The Colorful Clouds of Rho Ophiuchi
June 2, 2004
The many spectacular colors of the Rho Ophiuchi (oh'-fee-yu-kee) clouds highlight the many processes that occur there. The blue regions shine primarily by reflected light. Blue light from the star Rho Ophiuchi and nearby stars reflects more efficiently off this portion of the nebula than red light. The Earth's daytime sky appears blue for the same reason. The red and yellow regions shine primarily because of emission from the nebula's atomic and molecular gas. Light from nearby stars - particularly the bright star Antares in this case - knocks electrons away from the gas, which then shines when the electrons recombine with the gas. The dark regions are caused by dust grains - born in young stellar atmospheres - which effectively block light emitted behind them.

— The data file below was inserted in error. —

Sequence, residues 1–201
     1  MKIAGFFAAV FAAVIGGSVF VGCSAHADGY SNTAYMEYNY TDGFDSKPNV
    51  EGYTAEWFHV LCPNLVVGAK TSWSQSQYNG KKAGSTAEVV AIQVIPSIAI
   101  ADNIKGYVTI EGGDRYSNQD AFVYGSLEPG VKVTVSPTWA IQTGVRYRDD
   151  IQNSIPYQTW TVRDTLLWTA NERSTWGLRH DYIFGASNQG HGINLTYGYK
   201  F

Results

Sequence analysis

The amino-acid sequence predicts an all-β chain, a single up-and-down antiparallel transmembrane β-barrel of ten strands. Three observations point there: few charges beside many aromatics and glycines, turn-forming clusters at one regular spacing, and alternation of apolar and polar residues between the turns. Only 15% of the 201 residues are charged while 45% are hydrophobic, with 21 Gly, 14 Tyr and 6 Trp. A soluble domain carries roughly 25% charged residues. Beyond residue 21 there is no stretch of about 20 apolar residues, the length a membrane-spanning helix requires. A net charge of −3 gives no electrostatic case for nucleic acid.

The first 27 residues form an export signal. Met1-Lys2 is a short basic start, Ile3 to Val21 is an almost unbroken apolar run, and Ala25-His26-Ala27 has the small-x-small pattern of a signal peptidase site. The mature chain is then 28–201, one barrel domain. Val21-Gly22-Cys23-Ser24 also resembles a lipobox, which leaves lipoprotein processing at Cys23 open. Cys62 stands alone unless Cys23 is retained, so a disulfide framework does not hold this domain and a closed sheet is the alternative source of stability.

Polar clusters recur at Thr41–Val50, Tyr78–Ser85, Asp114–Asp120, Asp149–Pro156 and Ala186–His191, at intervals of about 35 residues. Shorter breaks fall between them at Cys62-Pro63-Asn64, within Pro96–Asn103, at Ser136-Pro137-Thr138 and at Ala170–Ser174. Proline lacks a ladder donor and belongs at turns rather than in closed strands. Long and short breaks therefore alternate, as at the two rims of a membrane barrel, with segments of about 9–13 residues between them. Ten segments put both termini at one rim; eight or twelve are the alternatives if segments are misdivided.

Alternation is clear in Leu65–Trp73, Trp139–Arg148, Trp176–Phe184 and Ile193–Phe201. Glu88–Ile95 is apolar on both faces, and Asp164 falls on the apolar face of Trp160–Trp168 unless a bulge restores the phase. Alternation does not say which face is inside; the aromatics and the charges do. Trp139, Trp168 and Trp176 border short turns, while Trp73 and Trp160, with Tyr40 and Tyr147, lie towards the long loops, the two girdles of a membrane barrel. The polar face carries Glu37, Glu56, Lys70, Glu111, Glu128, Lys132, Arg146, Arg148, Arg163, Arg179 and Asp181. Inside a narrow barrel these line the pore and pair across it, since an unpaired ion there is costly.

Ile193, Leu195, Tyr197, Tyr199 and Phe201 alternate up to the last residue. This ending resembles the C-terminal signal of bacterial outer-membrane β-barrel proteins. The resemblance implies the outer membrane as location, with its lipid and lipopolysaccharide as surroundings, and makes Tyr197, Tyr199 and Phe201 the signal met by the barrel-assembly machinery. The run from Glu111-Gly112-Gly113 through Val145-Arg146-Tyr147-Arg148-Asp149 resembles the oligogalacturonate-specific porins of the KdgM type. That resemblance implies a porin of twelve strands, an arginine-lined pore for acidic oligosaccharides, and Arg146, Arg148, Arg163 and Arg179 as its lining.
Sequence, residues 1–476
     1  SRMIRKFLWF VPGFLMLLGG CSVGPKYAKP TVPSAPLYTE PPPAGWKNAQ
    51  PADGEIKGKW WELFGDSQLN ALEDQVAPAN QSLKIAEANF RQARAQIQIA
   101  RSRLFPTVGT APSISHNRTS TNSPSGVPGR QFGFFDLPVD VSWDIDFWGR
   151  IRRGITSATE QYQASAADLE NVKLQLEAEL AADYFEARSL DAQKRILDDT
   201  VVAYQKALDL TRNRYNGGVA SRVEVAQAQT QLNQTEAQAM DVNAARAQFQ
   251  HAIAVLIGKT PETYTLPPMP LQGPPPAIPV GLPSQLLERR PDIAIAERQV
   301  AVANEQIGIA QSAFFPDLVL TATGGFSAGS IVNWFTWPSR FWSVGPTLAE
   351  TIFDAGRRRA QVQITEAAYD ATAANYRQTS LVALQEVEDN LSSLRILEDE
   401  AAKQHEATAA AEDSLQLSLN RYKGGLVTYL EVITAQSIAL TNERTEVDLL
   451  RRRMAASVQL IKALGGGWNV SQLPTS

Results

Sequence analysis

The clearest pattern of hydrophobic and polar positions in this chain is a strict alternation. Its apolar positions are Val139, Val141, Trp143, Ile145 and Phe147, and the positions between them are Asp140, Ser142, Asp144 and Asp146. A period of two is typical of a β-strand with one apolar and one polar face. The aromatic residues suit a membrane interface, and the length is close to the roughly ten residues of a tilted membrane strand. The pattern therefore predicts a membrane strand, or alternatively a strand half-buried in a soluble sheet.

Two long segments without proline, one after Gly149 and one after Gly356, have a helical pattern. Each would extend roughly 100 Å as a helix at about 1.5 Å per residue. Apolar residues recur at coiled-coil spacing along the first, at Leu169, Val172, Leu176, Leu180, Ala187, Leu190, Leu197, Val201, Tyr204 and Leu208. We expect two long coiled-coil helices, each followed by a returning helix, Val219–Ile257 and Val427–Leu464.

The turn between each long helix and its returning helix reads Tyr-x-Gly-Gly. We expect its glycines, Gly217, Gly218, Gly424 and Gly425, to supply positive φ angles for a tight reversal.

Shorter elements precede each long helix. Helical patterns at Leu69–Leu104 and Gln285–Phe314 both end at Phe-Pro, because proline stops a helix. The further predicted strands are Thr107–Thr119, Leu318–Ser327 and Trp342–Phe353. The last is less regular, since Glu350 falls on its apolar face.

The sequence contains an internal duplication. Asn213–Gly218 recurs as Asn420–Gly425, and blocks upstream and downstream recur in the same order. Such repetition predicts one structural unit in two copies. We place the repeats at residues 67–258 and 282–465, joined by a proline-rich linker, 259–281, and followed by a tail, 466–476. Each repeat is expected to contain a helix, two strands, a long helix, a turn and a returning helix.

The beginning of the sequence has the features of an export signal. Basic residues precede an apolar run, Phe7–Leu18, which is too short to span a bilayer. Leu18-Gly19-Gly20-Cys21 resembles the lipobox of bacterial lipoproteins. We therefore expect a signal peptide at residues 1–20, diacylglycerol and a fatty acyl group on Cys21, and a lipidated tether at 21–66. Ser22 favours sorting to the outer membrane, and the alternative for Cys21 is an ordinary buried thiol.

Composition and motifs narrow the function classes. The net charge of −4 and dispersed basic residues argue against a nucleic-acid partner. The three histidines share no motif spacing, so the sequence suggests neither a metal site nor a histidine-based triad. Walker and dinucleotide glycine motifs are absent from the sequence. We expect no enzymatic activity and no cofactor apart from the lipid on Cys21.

Topics: Ophiuchus constellation, Nebula, Space plasmas, Zeta Ophiuchi, Ophiuchus, Reflection nebula, Star, Rho Ophiuchi